Tony Award-winning director Michael Mayer talks ‘American Idiot’ at the National Theatre


The musical “American Idiot,” playing at the National Theatre Tuesday through Feb. 23, takes most of its dialogue and score from the 2004 Green Day album of the same name. (Photo by Jeremy Daniel)

Green Day on Broadway? Until four years ago, that might have seemed an odd combination, especially for fans of the pop-punk band. But now, because of the award-winning musical “American Idiot,” the group has reached an audience beyond teenage rebels. The show’s score and sung dialogue comes almost entirely from Green Day’s 2004 album of the same name.

It wouldn’t have happened without author and director Michael Mayer, who convinced Green Day’s lead singer, Billie Joe Armstrong, that the album could be transformed into a powerful musical. Mayer had a good track record — a Tony Award for “Spring Awakening” — so Armstrong agreed, helping him hone the story of three childhood friends whose lives diverge: One stays in their suburban hometown, another ends up in the city and the third enlists and gets shipped off to Iraq.

The New York-based Mayer grew up in the Maryland suburbs, graduating from the now-defunct Woodward High School in 1978.

We spoke with him recently about staging “American Idiot” in his hometown, taking punk to Broadway and finding inspiration in unlikely places.

Do you still have family in town?


Once Michael Mayer started listening to Green Day’s “American Idiot,” “I loved it so much, I couldn’t get enough of it.” (Photo by Doug Hamilton)

Yes, my parents are still in the house I grew up in — an old farm — and my sister lives in Frederick. It’s so funny because my parents are getting up there in years, and I really didn’t think that “American Idiot” was going to be their cup of tea. They really loved “Millie” [Mayer was nominated for a Tony Award for his 2002 direction of “Thoroughly Modern Millie” on Broadway], you know what I mean? And they liked “Spring Awakening,” too, but that was a play with people who talked more. So I just thought they’d never go for Green Day and for this kind of radical form that we made the show, but they flipped out over it. They came out to Berkeley [where it debuted] to see it, and they stayed for a few days with family and friends out there. Every night they came back. All they wanted to do was see the show.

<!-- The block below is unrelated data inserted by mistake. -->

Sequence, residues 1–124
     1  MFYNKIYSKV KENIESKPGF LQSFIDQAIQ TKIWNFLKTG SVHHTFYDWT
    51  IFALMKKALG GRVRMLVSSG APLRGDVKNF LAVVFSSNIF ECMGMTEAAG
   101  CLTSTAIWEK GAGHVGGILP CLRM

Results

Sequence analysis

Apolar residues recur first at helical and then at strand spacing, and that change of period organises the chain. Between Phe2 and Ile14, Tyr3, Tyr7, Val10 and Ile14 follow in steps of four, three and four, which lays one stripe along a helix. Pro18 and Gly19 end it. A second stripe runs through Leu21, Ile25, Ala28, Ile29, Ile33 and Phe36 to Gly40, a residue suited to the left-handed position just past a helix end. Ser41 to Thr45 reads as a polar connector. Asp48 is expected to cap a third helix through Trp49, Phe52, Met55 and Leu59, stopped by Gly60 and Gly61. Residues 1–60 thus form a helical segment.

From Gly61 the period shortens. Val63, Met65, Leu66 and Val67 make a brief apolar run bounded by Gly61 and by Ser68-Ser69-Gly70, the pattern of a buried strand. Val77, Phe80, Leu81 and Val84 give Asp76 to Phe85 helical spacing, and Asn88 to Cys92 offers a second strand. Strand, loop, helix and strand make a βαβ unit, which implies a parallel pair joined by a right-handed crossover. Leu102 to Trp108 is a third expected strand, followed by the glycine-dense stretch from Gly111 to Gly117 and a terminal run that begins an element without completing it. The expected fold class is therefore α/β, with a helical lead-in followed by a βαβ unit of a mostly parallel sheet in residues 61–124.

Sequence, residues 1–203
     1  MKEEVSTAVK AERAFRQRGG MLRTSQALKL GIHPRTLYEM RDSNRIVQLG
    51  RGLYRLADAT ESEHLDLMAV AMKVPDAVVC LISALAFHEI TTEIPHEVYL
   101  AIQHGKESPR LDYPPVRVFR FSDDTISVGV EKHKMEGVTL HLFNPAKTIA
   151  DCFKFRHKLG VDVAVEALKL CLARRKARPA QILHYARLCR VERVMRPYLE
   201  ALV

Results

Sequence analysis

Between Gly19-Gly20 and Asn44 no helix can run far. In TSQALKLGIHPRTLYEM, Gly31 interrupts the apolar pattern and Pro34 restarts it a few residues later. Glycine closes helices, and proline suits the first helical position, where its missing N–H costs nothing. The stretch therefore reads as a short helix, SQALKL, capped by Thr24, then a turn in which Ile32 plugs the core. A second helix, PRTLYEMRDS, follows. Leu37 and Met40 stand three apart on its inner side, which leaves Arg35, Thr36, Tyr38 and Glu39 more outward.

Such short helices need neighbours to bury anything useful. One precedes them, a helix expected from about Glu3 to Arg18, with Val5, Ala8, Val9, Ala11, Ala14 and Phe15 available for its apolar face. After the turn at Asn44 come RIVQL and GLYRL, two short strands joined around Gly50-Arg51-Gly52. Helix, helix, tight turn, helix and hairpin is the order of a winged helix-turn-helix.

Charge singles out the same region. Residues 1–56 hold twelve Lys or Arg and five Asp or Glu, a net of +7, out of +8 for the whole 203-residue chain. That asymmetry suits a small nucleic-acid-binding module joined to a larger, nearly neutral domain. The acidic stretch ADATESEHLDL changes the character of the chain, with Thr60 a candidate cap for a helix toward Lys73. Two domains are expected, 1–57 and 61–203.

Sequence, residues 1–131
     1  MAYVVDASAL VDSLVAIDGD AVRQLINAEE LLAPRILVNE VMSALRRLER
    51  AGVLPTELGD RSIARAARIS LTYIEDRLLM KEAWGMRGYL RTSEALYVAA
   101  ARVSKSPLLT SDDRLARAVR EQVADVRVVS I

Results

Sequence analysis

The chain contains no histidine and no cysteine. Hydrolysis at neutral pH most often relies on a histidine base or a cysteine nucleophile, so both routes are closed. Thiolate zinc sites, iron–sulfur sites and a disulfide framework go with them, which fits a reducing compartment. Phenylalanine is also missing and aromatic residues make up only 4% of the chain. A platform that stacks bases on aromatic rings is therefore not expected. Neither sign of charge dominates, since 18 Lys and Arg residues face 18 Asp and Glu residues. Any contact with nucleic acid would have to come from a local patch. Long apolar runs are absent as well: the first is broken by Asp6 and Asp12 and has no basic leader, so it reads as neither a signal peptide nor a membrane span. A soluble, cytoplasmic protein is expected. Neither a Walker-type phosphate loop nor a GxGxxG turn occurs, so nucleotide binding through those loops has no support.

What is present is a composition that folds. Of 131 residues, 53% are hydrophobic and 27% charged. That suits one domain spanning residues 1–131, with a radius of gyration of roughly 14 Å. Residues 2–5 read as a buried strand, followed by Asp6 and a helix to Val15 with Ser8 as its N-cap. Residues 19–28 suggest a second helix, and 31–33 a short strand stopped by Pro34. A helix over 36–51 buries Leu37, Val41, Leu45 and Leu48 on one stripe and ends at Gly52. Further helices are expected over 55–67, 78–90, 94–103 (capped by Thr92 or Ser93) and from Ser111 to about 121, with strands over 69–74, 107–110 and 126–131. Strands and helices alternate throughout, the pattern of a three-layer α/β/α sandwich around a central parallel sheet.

So they’ll see the show here, I’m guessing.

Yes! I’m just excited to bring this show to my hometown finally. I’m hoping that all my friends and family will show up. It’ll be fun to see some of my old high school friends and see what they think, because this is so not what anyone would have expected me to be doing.

Why is that?

In high school I was an actor in plays, I wasn’t a director. And my musical tastes when I was in high school were all about musical theater. So I’d walk around singing songs from “A Chorus Line” and “Annie” and “Pippin.” That was my world back then. I remember friends at the time being really into Bruce Springsteen, and I was like, “Who’s he?” I loved Elton John, but it was more the costumes. I liked the music but really loved the theatricality of it. There wasn’t a punk bone in my body, let me put it that way.